8. I used to see a white 1960 Rover P4 every day when I was based in North Shields ten years ago. This was an immaculate car that was kept as original as possible, including a sixties Radiomobile radio. Kind of made you want to whistle God Save The Queen when you walked past it and wear a three piece suit,

  9. I remember driving my parents’ 105 with overdrive, in the 1960s. The power, the power…. And a caravan holiday that took us from Eastbourne to the West Country.

  10. Lovely cars. The first car I can remember my grandfather owning was a Rover P3, which was followed by a P4 I think in about 1955. He kept it until 1959 when it was written of by a Morris Minor hitting it from behind when he was turning right at a road junction. He followed this with a new 90, which he drove until his death in 1965. He left the car to my father who to my regret sold it.

  11. I had a childhood friend who’s father was the deputy manager of a local coal mine, or pit as we used call them. Just around the time we first met, his dad bought a P4 110. This was a replacement for his 90. They lived adjacent to the entrance to the pit, a road which crossed the fields on an embankment from the main road to the pit itself. My friend’s older brother had been learning to drive and either took the 90 without permission or was having an impromptu lesson on NCB property(can’t remember which now), and contrived to steer the car off road, down the embankment(a drop of about 6 feet), into the field. Didn’t do the 90 much good.

  12. In the late 80’s my late husband and I were invited to a service to celebrate the 700th anniversary of Peterborough Cathedral at which HMQ was present. Whilst queueing for the carpark, with our vicar and a neighbour, we were behind an immaculate 90, and we all agreed that it was the ideal vehicle in which to see our Monarch in a provincial cathedral.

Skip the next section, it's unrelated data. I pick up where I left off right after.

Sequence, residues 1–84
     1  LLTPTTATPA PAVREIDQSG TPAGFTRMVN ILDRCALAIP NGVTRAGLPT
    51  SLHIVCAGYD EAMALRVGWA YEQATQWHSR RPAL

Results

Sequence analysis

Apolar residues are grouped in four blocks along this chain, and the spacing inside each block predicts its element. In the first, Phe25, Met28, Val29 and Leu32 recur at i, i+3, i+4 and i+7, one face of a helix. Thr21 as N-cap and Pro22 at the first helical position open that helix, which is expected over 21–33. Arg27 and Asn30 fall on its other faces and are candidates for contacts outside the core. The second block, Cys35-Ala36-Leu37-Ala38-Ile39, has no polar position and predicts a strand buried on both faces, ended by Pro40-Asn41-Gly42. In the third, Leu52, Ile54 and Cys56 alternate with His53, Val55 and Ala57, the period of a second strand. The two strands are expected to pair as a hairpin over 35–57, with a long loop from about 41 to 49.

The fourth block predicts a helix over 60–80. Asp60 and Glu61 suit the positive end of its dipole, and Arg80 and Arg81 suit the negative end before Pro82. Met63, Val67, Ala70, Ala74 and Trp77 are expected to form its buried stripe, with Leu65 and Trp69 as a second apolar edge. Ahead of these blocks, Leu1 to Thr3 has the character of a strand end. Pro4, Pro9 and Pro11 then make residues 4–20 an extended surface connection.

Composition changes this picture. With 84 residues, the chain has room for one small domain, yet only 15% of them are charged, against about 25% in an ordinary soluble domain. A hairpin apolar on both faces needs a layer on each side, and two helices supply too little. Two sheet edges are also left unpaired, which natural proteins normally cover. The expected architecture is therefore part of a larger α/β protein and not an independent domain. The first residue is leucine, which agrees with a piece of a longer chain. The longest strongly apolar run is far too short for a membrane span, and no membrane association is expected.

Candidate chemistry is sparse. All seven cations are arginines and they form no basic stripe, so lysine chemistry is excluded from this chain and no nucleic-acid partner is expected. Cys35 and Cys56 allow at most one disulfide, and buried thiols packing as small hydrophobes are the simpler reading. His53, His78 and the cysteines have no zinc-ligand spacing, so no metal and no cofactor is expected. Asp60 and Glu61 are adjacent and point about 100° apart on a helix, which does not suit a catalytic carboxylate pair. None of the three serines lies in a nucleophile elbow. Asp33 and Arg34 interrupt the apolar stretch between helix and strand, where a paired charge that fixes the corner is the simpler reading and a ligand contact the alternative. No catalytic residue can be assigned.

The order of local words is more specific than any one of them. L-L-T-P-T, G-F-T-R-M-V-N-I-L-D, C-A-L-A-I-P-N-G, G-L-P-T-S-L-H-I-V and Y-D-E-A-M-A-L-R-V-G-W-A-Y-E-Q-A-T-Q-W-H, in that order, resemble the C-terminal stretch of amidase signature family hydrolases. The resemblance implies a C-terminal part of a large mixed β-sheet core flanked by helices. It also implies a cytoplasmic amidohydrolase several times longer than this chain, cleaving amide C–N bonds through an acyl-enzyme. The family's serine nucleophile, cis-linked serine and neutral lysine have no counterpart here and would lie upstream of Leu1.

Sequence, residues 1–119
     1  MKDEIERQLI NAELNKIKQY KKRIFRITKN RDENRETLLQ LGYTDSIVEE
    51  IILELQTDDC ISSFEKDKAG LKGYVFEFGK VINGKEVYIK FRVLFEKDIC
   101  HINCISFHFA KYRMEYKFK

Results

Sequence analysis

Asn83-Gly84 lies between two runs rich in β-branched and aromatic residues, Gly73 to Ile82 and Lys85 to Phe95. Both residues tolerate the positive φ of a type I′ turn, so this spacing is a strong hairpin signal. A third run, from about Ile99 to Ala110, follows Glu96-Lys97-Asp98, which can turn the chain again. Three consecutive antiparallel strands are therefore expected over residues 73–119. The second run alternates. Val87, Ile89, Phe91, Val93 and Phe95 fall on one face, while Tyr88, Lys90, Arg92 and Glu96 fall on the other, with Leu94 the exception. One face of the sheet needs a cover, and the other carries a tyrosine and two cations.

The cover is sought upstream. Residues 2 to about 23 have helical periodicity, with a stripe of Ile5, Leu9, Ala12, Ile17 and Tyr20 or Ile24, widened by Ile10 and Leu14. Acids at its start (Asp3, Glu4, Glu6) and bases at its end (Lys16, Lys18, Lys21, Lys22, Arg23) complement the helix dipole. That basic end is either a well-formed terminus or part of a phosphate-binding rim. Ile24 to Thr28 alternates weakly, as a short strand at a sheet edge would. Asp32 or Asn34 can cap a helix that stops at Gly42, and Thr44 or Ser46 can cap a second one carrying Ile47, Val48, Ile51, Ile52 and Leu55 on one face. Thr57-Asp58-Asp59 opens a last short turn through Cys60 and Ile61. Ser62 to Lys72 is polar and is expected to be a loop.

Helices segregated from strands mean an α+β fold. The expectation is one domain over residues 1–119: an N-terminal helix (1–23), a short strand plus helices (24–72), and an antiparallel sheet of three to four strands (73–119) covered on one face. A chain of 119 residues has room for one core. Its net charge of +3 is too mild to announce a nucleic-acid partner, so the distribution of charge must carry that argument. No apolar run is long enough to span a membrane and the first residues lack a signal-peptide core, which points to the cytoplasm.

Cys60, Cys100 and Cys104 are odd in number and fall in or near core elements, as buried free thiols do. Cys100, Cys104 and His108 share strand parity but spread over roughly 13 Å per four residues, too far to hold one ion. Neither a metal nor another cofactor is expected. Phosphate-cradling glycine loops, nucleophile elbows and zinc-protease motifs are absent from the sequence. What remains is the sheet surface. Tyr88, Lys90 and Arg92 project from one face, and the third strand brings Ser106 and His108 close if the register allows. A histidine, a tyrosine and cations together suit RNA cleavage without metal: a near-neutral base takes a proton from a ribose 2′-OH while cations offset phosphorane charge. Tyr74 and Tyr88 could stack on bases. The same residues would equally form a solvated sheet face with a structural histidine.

13. The P4 and P5 were the last of the traditional Rovers, conservative, durable and well made cars that were well loved by their owners and which survived far better than their contemporaries. I can well believe it when this generation of Rovers was referred to as the poor man’s Rolls Royce as they had fittings like a Rolls Royce and were nearly as well made, but considerably cheaper to buy and own.

  14. As mentioned in previous aronline posts, in 1976 I saw an immaculate Rover P5 3500 in a used car showroom (Zircon blue with cream leather trim) priced at only £795. At around the same time I paid £600 for a humble K reg Viva HC

  15. @KC… those were the days! My Viva was an X14 limited edition with fabric trim, Rostyle wheels and metallic paint. A decent car overall that I kept for 3 years but not in the same league as a Rover P5.

  16. Great article. The Rover P4 is a splendid range of cars, I might be biased though as I own one 🙂 Interestingly, an increasing number of younger folk are buying them and thereby securing the P4’s future.

  17. I’m showing my age here. In the 1950s/early 60s Wiltshire Police used P4s as patrol cars. I can picture them now, black, with a large insulator in the middle of the roof, with a vertical aerial stuck up out of the top of it. what they hoped to catch with them I don’t know, as with the best will in the world you couldn’t call them a rapid car. I seem to remember they replaced them with Ford Zephyrs